Can You Store Butter on the Counter?

Commercially prepared butter must meet safety guidelines established by the U.S. Department of Agriculture for safe distribution and consumption. The manufacturing process makes butter safe for storage at room temperature; however, other factors might influence your decision whether to store it on the counter or not.

Manufacturing Process

Keep butter covered to preserve freshness and make it last longer.

Butter comes from churned pasteurized milk. Pasteurizing milk involves heating the liquid to a degree that reduces harmful bacteria. Churning takes place to complete the process. Sweet cream butter has added salt that helps with preservation. Unsalted butter, sometimes called sweet butter, does not contain extra salt. According to the USDA, commercial butter consists of at least 80 percent milk fat and 20 percent water and salt.


Bacteria, food-borne illnesses and rancidity are the main concerns with storing butter on the counter. Rancidity occurs because of exposure to air, heat and bacteria. Storing your butter in the refrigerator increases the shelf life. According to the University of Missouri Extension, there are no real health concerns with keeping butter on the counter, provided you store it in an airtight container.


The National Dairy Council recommends storing butter in the sealed manufacturer’s container and in the refrigerator to increase shelf life. Salted butter lasts two months in the refrigerator, while unsalted lasts only two weeks. You can safely freeze butter for up to nine months if it contains salt and five months if it's unsalted. The USDA recommends storing butter in the freezer for up to two months when you do not intend to use it within a few days of purchase. Baking 911 suggests keeping butter on the counter in a tightly covered butter dish for several days at a room temperature of 65 degrees Fahrenheit. To make the butter last for a longer period of time on your counter top, store it in a butter crock. This insulated stoneware receptacle keeps the butter cool by packing the butter in the hollowed-out lid and filling the jar with cold water. Replace the water once a week and you can safely store your butter on the counter for up to 30 days.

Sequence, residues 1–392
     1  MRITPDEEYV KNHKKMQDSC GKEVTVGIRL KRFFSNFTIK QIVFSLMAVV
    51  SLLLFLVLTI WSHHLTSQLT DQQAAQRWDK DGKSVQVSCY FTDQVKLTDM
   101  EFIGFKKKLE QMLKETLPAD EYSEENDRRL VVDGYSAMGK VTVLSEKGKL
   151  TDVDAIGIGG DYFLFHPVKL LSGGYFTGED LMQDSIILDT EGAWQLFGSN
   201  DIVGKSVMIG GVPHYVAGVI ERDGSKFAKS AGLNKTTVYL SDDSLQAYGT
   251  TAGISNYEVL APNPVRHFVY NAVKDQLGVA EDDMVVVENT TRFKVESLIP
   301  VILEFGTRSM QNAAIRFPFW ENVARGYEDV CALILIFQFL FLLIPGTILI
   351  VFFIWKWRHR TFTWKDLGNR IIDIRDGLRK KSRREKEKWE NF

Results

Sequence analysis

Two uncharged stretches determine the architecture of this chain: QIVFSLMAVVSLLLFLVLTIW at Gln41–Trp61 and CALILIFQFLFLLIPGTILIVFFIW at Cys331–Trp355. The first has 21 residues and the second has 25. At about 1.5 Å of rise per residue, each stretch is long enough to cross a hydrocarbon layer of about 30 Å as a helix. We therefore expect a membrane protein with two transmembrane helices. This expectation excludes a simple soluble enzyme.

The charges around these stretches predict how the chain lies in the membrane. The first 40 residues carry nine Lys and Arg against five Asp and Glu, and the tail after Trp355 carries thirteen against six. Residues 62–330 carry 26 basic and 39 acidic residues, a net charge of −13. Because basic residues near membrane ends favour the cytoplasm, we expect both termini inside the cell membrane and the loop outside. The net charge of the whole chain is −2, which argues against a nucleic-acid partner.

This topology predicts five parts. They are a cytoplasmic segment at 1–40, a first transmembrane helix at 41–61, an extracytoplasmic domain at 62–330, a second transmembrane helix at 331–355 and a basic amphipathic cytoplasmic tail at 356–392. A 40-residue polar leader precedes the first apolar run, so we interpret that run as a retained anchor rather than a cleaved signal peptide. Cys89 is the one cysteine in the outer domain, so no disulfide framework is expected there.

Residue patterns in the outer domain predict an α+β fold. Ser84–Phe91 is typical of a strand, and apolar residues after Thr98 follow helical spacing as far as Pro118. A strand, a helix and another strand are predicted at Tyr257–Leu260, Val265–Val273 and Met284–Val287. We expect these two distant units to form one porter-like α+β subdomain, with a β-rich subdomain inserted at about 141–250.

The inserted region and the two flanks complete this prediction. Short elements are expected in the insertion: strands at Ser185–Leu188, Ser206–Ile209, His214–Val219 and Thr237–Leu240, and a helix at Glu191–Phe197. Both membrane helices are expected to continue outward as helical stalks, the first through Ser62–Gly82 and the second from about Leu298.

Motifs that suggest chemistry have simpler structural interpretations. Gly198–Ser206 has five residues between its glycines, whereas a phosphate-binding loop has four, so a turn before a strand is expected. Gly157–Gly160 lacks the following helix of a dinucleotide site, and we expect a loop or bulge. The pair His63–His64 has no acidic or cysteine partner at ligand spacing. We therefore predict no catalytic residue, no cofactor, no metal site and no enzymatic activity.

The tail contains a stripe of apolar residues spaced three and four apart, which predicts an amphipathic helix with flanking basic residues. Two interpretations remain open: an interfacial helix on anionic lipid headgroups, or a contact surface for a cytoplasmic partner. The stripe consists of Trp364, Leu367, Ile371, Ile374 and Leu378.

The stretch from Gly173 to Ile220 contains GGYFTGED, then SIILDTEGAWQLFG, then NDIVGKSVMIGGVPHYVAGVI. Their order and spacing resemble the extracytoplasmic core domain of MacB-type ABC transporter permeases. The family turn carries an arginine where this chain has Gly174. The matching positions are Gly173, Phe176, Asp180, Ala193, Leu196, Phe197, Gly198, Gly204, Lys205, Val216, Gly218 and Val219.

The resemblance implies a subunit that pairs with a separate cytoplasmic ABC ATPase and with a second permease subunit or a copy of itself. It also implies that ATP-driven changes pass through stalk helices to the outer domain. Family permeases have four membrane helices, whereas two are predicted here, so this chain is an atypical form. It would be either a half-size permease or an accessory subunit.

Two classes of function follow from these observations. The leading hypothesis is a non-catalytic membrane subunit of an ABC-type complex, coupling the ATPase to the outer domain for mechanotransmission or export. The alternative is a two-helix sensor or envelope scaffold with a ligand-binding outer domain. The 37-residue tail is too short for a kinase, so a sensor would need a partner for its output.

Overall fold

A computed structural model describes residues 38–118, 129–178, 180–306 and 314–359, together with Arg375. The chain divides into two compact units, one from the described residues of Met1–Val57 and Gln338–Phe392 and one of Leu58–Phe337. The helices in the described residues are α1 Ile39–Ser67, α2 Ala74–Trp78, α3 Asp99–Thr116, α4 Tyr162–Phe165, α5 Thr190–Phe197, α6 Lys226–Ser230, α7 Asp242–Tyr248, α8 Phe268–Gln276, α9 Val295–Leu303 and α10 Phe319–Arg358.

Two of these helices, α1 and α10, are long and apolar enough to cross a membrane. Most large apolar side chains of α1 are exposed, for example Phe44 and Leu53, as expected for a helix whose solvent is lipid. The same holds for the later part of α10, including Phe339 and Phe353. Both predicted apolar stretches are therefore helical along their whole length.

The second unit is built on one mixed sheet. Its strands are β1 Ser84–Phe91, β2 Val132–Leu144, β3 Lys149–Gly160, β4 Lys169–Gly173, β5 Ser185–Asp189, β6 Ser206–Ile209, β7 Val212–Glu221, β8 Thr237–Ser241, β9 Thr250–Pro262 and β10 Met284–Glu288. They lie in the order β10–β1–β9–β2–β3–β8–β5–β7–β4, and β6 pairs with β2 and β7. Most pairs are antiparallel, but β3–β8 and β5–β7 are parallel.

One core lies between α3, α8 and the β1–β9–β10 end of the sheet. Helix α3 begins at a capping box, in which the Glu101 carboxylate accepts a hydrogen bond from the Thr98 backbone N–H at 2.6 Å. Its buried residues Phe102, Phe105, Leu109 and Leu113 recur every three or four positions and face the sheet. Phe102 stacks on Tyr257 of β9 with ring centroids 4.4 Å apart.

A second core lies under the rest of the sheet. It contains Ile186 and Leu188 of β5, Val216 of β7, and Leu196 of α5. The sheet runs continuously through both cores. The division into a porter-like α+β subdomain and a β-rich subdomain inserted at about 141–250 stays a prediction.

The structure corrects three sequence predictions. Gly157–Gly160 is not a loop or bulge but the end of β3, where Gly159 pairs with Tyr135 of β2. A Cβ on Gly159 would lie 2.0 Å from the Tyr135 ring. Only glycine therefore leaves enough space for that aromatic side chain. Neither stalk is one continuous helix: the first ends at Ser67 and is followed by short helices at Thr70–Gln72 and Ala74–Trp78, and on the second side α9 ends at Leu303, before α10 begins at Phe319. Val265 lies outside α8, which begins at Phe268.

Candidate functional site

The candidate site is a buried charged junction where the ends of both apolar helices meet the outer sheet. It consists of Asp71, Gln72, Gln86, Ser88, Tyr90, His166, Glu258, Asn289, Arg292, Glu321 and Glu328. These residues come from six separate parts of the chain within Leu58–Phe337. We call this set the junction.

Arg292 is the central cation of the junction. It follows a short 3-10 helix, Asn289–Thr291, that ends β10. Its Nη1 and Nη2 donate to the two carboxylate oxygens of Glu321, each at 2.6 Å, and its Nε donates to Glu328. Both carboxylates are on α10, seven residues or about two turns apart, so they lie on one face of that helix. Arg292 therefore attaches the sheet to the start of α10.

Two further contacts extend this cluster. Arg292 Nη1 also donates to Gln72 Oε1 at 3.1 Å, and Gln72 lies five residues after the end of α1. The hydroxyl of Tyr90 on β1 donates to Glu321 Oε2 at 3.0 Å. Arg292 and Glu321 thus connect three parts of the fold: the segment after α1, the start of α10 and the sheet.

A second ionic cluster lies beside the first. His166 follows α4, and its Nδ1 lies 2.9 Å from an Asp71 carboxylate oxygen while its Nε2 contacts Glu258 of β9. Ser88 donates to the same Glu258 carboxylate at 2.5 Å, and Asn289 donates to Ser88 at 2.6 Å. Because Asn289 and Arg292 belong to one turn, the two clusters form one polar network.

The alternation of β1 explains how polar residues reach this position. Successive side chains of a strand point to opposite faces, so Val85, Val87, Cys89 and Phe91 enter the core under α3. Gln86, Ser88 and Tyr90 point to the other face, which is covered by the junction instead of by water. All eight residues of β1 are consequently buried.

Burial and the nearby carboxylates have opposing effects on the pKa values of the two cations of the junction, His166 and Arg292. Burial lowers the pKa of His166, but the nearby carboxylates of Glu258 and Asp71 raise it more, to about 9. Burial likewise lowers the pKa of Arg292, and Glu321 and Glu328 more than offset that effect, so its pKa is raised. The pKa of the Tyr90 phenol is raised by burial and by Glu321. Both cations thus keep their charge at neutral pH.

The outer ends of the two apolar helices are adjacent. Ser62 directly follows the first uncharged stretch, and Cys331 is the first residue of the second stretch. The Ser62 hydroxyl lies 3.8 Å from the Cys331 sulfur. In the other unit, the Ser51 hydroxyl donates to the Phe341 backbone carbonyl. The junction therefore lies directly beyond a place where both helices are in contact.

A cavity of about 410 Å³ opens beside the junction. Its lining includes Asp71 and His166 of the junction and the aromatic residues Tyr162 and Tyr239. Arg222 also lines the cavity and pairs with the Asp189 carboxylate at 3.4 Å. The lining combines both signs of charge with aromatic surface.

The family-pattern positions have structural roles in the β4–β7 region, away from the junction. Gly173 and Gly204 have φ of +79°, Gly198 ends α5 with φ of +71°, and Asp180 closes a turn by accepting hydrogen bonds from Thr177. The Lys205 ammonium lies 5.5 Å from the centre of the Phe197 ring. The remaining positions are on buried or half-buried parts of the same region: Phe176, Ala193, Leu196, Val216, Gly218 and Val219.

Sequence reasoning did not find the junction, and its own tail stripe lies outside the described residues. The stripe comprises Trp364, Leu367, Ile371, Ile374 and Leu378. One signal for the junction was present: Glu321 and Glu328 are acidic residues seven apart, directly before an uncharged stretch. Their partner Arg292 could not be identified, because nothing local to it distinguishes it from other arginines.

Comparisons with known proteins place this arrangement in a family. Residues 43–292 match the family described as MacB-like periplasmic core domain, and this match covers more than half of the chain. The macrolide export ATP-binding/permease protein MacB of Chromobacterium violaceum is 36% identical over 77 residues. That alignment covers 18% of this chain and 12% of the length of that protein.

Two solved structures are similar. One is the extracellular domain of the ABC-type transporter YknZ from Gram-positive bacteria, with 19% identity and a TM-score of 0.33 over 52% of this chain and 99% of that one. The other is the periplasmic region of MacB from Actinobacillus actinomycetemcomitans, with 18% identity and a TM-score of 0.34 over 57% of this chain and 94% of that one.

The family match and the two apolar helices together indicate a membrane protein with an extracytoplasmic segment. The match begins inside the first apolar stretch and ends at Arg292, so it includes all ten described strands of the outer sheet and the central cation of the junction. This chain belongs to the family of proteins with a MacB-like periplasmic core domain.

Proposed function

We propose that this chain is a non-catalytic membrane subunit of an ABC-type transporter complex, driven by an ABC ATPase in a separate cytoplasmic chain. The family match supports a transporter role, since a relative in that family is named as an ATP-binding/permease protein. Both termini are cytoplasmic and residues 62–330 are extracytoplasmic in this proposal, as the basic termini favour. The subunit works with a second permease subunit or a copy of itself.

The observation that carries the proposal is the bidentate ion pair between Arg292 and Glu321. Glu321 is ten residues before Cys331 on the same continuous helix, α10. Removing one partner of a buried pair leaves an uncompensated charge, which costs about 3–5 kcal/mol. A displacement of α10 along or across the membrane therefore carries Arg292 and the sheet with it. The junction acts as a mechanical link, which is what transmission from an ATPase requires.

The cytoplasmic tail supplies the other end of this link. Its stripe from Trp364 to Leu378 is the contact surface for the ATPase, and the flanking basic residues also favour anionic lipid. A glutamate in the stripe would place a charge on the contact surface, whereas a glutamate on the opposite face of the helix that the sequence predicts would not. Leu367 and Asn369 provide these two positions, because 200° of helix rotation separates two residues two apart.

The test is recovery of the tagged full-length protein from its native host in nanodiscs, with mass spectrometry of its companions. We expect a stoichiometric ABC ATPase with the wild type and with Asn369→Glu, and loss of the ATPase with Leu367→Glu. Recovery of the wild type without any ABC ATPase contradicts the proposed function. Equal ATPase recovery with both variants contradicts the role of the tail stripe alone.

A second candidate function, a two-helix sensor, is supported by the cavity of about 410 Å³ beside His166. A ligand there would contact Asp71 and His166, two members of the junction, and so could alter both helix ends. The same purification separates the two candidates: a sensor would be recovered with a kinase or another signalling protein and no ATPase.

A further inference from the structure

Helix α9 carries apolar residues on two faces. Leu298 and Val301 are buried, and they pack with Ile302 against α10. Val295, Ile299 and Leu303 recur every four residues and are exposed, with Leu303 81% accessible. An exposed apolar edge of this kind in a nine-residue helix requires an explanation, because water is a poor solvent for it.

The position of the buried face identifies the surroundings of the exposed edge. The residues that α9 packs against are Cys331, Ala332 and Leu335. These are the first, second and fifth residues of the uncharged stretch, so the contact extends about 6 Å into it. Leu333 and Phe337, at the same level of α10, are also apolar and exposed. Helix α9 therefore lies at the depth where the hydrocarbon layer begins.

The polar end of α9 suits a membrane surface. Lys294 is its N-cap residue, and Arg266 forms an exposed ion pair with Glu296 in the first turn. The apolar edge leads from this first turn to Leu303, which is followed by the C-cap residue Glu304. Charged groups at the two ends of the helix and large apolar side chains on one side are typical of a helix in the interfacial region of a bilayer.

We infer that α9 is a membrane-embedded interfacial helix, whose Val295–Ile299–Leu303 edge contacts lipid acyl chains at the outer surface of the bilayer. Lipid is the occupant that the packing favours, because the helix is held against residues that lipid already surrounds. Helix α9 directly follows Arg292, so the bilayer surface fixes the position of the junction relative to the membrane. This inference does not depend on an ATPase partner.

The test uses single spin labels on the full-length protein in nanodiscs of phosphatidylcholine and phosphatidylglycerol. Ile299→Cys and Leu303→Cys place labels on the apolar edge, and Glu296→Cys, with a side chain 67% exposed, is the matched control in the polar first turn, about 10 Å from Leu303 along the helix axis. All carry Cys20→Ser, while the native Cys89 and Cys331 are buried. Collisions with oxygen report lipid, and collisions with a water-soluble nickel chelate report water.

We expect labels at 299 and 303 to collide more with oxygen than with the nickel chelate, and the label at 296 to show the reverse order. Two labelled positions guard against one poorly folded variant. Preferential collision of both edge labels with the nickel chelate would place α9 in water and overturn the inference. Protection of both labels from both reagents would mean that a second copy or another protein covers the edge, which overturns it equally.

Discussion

Butter absorbs the odors from other foods rather easily. When this happens, the taste of butter is affected. To help prevent this from occurring, store butter in the original packaging or a tightly sealed butter dish. If you store butter in the refrigerator, keep it in a separate drawer to protect it from soaking up any odors. Soften refrigerated butter by placing it at room temperature for 15 minutes prior to use; return it to the refrigerator after use.

About the Author

After attending the University of Missouri St. Louis, Stephanie Rempe worked as a documentation manager in the finance industry 10 years before turning to her first love, writing, which she's been doing professionally since 2008. She currently divides her time between Missouri and her fiance's hometown in Oregon. In addition to her freelance writing, Rempe is working on a romance novel and short stories.